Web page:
A blog called Crosshatch that seems to involve random thoughts and ideas in no particular order has linked Japes for Owre Tymes in a category of its own: "Don Quixotes Crusading for a Lost Cause." I mention this irrelevant but fun fact because I am quite pleased to be compared to Don Quixote. Life is, after all, a series of windmill-tilting incidents; all we can really do is choose our own windmills and hope for the best.*
Today's windmill is Drabble, which, as I have already explained, deserves to be mulched.** Its stereotypical, unlikeable characters bounce from one stereotypical, unlikeable situation to the next, never stopping along the way to do anything interesting or, heaven forbid, original. The comic is only twenty-nine years old--a mere child in newspaper-strip terms--but it clings to the mores of a previous generation or, really, a far-distant century. This week's comics have been trotting out that legacy-strip standby: it is terrible when a woman tries to horn in on a man's manly leisure activities, and it is even more terrible when she is better at them than he is. June Drabble may not understand the purpose of a sand trap or a water hazard, gentlemen, but she doesn't fall prey to them, and--har har har--she wishes that she would! The womens! The womens! How hard to understand how their tiny brains work! And poor hapless Ralph, being ground into the green by this ignorant hausfrau!
Yet again, we have travelled all the way back to the Middle Ages and leapt headlong into an antifeminist tract. Viewed in a medieval light, the comic is both subtle and original; the cartoonist is pointing out that women are not only cheating, lying scum, but dangerously good at stuff. June's competence with that, er, club leaves Ralph's in the shade. If women are able to handle their clubs and balls and men are not, how long will it be before they start believing they are real people? How long will it be before the men have their clubs seized from them? They will be forced to watch, de-clubbed and emasculated, as women roam free across the landscape, slaying villagers and raping young princes. Our only hope, the cartoonist implies, lies in the stupidity of the ladies. The potential for power is there, but women are so dumb (har har) that they don't realise it is. The comic points out the danger but also the fact that even a woman allowed to get her hands on a man's club probably won't know what to do with it.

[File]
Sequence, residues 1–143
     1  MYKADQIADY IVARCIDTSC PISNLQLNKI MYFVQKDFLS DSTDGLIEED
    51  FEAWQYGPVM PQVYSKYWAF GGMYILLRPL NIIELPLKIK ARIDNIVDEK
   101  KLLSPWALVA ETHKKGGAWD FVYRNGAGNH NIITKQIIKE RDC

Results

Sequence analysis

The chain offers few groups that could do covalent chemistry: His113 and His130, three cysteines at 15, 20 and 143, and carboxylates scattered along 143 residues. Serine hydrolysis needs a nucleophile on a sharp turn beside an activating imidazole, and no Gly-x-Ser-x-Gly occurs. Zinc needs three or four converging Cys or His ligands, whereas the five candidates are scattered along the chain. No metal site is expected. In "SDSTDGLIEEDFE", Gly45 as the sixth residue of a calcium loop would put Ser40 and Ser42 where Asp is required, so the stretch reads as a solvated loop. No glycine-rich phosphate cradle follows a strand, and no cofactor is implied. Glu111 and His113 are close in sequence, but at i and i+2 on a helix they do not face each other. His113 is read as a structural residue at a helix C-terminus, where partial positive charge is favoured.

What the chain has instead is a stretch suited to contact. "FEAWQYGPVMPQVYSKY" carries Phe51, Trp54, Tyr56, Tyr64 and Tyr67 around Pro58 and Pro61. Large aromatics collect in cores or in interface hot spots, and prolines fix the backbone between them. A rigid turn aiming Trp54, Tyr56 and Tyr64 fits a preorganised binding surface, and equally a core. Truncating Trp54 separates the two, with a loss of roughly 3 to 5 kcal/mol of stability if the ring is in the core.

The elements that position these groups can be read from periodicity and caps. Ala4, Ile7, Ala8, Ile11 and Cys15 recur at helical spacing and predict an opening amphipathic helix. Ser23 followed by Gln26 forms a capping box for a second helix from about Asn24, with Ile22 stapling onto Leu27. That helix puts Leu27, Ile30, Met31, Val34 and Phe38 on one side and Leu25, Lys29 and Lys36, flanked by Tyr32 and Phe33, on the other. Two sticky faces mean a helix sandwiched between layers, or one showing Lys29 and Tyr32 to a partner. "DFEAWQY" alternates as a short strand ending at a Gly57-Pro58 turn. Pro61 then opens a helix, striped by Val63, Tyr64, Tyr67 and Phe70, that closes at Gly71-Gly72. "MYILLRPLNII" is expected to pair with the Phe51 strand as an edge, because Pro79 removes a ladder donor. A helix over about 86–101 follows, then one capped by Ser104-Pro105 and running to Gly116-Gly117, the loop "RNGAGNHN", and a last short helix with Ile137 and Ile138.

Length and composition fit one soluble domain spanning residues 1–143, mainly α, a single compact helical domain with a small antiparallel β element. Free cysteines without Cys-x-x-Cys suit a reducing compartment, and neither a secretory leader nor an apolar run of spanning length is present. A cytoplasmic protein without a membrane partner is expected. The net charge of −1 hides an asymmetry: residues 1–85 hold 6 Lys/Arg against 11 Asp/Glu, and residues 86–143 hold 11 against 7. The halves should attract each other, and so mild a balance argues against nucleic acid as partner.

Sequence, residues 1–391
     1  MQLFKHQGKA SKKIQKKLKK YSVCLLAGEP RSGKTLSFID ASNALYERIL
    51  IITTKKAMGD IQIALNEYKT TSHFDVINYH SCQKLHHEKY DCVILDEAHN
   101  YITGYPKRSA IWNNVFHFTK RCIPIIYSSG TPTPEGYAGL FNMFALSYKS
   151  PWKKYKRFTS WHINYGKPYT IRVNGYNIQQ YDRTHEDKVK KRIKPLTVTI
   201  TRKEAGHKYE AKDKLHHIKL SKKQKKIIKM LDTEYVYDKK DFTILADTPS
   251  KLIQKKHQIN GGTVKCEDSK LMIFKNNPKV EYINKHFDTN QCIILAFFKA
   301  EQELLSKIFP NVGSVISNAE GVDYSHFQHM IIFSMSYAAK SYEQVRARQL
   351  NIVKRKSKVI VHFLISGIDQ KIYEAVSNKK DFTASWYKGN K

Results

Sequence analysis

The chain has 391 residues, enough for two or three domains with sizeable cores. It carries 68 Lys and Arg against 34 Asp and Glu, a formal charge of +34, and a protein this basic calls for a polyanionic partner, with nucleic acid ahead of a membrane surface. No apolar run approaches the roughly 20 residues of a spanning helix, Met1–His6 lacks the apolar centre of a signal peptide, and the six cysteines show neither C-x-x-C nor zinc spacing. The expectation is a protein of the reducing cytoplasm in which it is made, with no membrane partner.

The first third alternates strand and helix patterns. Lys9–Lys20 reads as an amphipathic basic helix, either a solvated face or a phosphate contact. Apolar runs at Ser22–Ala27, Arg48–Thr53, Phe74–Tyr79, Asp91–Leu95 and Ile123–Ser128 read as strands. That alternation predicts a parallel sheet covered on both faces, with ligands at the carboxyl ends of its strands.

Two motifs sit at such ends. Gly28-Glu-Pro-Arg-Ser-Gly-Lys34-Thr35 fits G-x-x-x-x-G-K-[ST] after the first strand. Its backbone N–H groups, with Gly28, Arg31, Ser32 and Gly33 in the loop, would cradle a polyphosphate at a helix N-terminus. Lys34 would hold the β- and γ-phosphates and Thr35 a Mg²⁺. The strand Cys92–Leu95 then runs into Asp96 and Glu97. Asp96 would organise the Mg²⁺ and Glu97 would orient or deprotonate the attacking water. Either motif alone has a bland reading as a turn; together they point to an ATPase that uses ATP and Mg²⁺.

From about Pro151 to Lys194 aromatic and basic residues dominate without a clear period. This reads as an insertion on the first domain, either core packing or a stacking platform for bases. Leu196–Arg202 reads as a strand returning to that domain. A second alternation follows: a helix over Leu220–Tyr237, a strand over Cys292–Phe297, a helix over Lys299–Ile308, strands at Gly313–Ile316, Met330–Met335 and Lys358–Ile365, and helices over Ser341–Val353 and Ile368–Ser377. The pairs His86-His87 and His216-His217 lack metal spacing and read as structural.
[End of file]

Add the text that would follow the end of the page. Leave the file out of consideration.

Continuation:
And I think that's probably enough innuendo for one day right there.
P.S.: The word "golf" came into the English language relatively late (the first known reference, according to the Online Etymology Dictionary, is from a late-fifteenth-century Scottish text), but it probably derives from the Middle Dutch "colf" [club], which was written down in medieval England at least once (in 1296), albeit not in relation to golf itself. I have stolen it.
*This sounds pessimistic until you realise that I have spent the past two weeks teaching Alan Moore's Watchmen. Yesterday's class involved a dissection of the various characters, including the Comedian (basically a nihilist) and Rorschach (who at one point brutally kills two German shepherds, flings their bloody corpses at their child-killing owner, chains the owner in his own warehouse and sets it on fire, and comes out with the following sentiment: "Looked at sky through smoke heavy with human fat and God was not there. The cold, suffocating dark goes on forever, and we are alone"). Compared to them, I'm quite cheery.
**I am not mixing my metaphors. It is actually a windmill that deserves to be mulched. It would deserve to be mulched in any form.